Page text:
Paleogenetics has significantly changed since its inception almost forty years ago. Initially, molecular techniques available to the researchers offered minimal possibilities for ancient DNA analysis. The subsequent expansion of the scientific tool cabinet allowed for more remarkable achievements, combined has with the newfound popularity of this budding field of science. Finally, a breakthrough was made with the development of next-generation sequencing (NGS) technologies and the update of DNA isolation protocols, through which even very fragmented aDNA samples could be used to sequence whole genomes. In this paper, we review the achievements made thus far and compare the methodologies utilized in this field of science, discussing their benefits and challenges. Full article
(This article belongs to the Special Issue Advances in Ancient Genomes)
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10 pages, 261 KiB  
Article
Clinical Evaluation of BioFire COVID-19 Test, BioFire Respiratory Panel 2.1, and Cepheid Xpert Xpress SARS-CoV-2 Assays for Sample-to-Answer Detection of SARS-CoV-2
by Joonhong Park, So Yeon Kim, Jaehyeon Lee and Ki Ho Hong
Genes 2023, 14(1), 233; https://doi.org/10.3390/genes14010233 - 16 Jan 2023
Cited by 2 | Viewed by 2103
Abstract
Background: Due to the extreme infectivity of SARS-CoV-2, sample-to-answer SARS-CoV-2 reverse transcription (RT) polymerase chain reaction (PCR) assays are urgently needed in order to facilitate infectious disease surveillance and control. The purpose of this study was to evaluate three sample-to-answer SARS-CoV-2 RT-PCR assays—BioFire [...] Read more.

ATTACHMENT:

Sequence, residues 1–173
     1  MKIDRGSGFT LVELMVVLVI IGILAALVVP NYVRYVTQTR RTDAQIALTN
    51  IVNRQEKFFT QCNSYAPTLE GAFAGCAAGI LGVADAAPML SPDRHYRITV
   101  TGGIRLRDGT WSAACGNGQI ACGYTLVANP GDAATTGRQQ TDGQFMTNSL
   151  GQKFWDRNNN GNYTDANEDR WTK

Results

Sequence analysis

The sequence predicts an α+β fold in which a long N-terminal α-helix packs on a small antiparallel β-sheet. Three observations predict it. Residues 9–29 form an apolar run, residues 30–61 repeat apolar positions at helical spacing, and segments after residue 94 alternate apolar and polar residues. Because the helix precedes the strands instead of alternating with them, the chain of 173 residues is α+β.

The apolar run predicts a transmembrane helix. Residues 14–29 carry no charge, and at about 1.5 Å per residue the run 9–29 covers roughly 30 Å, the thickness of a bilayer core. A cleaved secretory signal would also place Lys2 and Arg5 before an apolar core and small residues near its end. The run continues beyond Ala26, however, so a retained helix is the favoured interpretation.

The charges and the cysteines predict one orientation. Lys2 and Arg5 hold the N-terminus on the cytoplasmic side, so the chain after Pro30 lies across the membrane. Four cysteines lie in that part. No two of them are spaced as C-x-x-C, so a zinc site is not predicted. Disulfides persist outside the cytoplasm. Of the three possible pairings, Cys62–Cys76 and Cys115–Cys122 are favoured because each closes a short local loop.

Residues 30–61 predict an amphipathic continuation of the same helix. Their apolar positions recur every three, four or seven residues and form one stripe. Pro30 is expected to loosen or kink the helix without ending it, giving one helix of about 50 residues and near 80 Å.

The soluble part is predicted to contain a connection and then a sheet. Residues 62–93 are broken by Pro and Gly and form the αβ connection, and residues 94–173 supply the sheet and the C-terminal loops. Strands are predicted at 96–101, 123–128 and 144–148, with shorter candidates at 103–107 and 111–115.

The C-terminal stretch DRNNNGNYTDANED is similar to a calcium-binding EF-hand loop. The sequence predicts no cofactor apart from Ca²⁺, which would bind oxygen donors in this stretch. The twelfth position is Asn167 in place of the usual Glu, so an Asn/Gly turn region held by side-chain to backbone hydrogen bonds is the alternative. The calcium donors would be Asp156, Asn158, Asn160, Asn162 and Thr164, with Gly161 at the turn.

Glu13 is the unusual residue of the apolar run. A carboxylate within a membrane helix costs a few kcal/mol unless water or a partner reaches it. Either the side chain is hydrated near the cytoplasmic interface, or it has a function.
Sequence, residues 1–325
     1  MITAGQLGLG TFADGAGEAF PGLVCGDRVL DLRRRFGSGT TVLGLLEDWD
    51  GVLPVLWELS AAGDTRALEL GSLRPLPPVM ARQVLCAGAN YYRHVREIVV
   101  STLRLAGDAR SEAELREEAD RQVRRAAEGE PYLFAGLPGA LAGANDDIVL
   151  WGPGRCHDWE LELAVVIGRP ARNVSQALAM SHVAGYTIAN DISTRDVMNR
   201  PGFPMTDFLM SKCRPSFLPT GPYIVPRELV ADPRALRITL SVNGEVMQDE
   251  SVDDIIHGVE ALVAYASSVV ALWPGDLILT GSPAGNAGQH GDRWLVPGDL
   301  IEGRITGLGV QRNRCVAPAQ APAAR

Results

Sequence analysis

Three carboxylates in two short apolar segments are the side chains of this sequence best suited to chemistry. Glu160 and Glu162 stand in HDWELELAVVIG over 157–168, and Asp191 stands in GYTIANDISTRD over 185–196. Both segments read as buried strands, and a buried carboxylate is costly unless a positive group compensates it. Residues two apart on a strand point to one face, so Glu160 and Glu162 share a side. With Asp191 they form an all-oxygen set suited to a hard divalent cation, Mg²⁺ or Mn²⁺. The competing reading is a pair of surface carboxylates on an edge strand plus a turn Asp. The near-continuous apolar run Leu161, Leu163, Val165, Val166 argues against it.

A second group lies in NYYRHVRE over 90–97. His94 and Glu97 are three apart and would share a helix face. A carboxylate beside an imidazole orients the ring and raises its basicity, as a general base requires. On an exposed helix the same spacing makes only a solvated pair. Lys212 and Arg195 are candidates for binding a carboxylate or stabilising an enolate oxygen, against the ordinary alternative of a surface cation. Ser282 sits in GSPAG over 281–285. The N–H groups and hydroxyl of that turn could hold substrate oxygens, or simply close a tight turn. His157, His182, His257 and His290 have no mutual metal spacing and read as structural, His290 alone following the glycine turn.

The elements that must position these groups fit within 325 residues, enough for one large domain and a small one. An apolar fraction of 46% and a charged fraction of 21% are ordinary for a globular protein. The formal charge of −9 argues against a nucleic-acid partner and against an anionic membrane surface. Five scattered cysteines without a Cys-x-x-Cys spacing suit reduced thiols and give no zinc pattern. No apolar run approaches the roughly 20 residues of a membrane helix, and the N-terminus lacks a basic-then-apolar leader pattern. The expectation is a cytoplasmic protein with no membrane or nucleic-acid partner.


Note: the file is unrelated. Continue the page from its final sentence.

Background: Due to the extreme infectivity of SARS-CoV-2, sample-to-answer SARS-CoV-2 reverse transcription (RT) polymerase chain reaction (PCR) assays are urgently needed in order to facilitate infectious disease surveillance and control. The purpose of this study was to evaluate three sample-to-answer SARS-CoV-2 RT-PCR assays—BioFire COVID-19 Test, BioFire RP 2.1, and Cepheid Xpert Xpress SARS-CoV-2—using clinical samples. Methods: A total of 77 leftover nasopharyngeal swab (NP) swabs (36 positives and 41 negatives) confirmed by reference SARS-CoV-2 RT real-time (q) PCR assay were collected. The clinical sample concordance, as specified by their respective emergency use authorizations (EUAs), in comparison to the reference SARS-CoV-2 RT-qPCR assay, was assessed. Results: The results showed that all three sample-to-answer SARS-CoV-2 RT-PCR assays provided perfectly concordant results consistent with the reference SARS-CoV-2 RT-qPCR assay. The BioFire COVID-19 Test exhibited the best turnaround time (TAT) compared to the other assays, regardless of the test results, using one-way analysis of variance followed by Scheffe’s post hoc test (p < 0.001). The Xpert Xpress SARS-CoV-2 showed a shorter average TAT (mean ± standard deviation, 49.9 ± 3.1 min) in the positive samples compared to that (55.7 ± 2.5 min) of the negative samples. Conclusions: Our evaluation demonstrates that the BioFire COVID-19 Test, BioFire RP 2.1, and Cepheid Xpert Xpress SARS-CoV-2 assays compare favorably to the reference SARS-CoV-2 RT-qPCR assay, along with a 100% concordance in assay results for clinical samples and an acceptable analytical performance at their guaranteed limits of detection. The addition of a widely used simultaneous sample-to-answer SARS-CoV-2 RT-PCR assay will contribute to the number of medical laboratories able to test for COVID-19. Full article
(This article belongs to the Special Issue Molecular Genetics & Diagnosis of Infectious Diseases)
3 pages, 156 KiB  
Editorial
Genetics and Genomics of Melanoma: Current Progress and Future Directions
by Camelia Quek
Genes 2023, 14(1), 232; https://doi.org/10.3390/genes14010232 - 16 Jan 2023
Cited by 1 | Viewed by 1538
Abstract